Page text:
The Wind in the Willows
Saturday 16th December 2017
The Sherman Christmas show has been a staple of theirs for many years. It’s the usual bring all the family affair, with the aim being directly focusing on children’s shows. Past successes have included Arabian Nights, The Borrowers and The Lion, The Witch and the Wardrobe. This time it’s The Wind in the Willows by Kenneth Grahame and I was curious to see what they do with this classic tale.
Adapted for the stage by Mike Kenny, this version never trails away too far from the source material. We see grand Toad Hall now mostly dilapidated and up for sale. In comes the Rat, Badger and Mole who reminisce about their time spent there with the famous Toad. Through the medium of direct storytelling, they share with us the story that we know and love. The break neck speed of the pacing at times evokes the famous production of The 39 Steps, with a small ensemble playing an array of multiple roles.
They get away with the odd pop culture reference (Strictly Come Dancing and Christmas carols get honoured), yet are never too forced. The motif of the show is loving nature and abstaining from human vices and their ways. You could write a thesis on the psycho-political themes that feature in the story: Does Toad represent addiction? Does Mole represent anxiety? Are the Wild Wooders, who siege Toad Hall Communists? It’s something to mill over during the festive period…
The lead performers are perfect in their transformations into their animal counterparts. Jessica Murrain as Mole is nerdy, nervous archetype who realises just how important friendship really is. As Rat, Dominic Rye is the jolly good gentleman we expect the character to be. He has much charm and is so easily dashing in the role. Zara Ramm (looking like a joyful cross between Cruella de Ville and a punk) is our joyfully cantankerous Badger. She seems to really relish the role, epitomised in the intervention for Toad about his rampant motorcar addiction.
Of course, as Toad, Keiron Self steals the show (as any good Toad would). At times camp, furious, manic or just plain silly, he has an air of Gyles Brandreth about him. His great comedic timing is ignited throughout and we do have a blast when ever he is on. Hats off to Emma Cooney, Hannah McPake and Rebecca Killick for their unrelenting energy as the innumerable roles they tackle here. The only downside to this small cast is the lack of action found in the battle at Toad Hall, to reclaim it back. It’s hard to think of an army of Weasels and other flesh eating mammals when it’s four against three, though the inclusions of shooting targets briefly solves this problem (and could have stayed up longer for effect).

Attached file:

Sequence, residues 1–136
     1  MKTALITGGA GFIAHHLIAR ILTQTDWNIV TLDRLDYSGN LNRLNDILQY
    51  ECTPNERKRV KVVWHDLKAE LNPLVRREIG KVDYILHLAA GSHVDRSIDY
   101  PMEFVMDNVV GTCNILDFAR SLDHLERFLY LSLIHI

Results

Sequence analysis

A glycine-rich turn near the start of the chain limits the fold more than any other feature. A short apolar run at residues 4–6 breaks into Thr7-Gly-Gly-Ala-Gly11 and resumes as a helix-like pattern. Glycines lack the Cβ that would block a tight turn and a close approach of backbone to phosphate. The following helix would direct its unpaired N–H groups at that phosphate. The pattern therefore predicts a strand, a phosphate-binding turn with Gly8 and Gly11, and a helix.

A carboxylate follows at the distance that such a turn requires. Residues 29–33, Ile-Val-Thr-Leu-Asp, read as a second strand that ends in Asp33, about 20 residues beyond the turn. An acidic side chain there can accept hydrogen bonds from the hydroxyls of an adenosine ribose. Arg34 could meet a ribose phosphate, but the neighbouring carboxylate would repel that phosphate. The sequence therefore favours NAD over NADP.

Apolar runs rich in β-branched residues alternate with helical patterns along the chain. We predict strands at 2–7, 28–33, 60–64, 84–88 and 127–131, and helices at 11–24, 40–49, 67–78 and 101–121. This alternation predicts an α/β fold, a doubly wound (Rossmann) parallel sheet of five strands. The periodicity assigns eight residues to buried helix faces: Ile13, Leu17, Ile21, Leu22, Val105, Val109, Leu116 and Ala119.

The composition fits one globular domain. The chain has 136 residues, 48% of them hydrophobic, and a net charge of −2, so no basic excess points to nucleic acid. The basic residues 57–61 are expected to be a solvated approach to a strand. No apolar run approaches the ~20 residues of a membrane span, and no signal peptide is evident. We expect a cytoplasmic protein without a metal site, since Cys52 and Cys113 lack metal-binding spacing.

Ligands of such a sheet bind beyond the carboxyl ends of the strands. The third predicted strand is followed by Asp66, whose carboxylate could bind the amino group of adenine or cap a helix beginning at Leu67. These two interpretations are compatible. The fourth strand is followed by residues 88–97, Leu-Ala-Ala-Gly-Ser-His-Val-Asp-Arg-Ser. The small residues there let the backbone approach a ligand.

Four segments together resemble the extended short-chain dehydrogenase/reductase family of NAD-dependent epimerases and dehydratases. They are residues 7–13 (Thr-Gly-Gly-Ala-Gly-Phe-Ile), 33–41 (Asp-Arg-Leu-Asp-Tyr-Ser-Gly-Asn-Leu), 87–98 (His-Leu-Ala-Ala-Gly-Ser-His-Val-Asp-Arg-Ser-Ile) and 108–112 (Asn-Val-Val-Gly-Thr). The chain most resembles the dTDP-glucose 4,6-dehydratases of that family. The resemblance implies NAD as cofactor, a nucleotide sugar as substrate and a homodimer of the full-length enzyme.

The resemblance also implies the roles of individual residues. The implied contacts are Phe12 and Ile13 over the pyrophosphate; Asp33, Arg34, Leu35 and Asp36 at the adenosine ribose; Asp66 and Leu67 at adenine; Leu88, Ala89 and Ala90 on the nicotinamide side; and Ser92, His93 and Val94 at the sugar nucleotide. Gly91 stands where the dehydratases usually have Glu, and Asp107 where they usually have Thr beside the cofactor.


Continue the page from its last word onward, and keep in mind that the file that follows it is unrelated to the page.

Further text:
As well as the impressive ensemble of actors, the backbone of the show is the music of Conor Mitchell (who also composed for The Moot Virginity of Catherine of Aragon). Played on piano for the entirety of the show, Gareth Wyn Griffiths is brilliant in conjuring up the many moods evoked in the score. It’s a giddy mix of vaudeville, minimalism, country and even smatterings of the Avant-Garde. We as an audience were blessed not to have too many songs thrown at us, since the score itself ties the show beautifully together. Even the actors all have a go at playing a cello, an accordion, a banjo and percussion. Proving just how multi talented they are!
There are a few rowdy and funny moments, so I won’t spoil them here and just tell you to merrily make your way to the Sherman this Christmas time.
A charming, Christmas delight.
The Wind in the Willows continues at Sherman Theatre till 30th December 2017.
Xmas shows at Sherman Theatre in 2018 shall be Alice in Wonderland & Little Red Riding Hood.
Photo Credit: Brian Tarr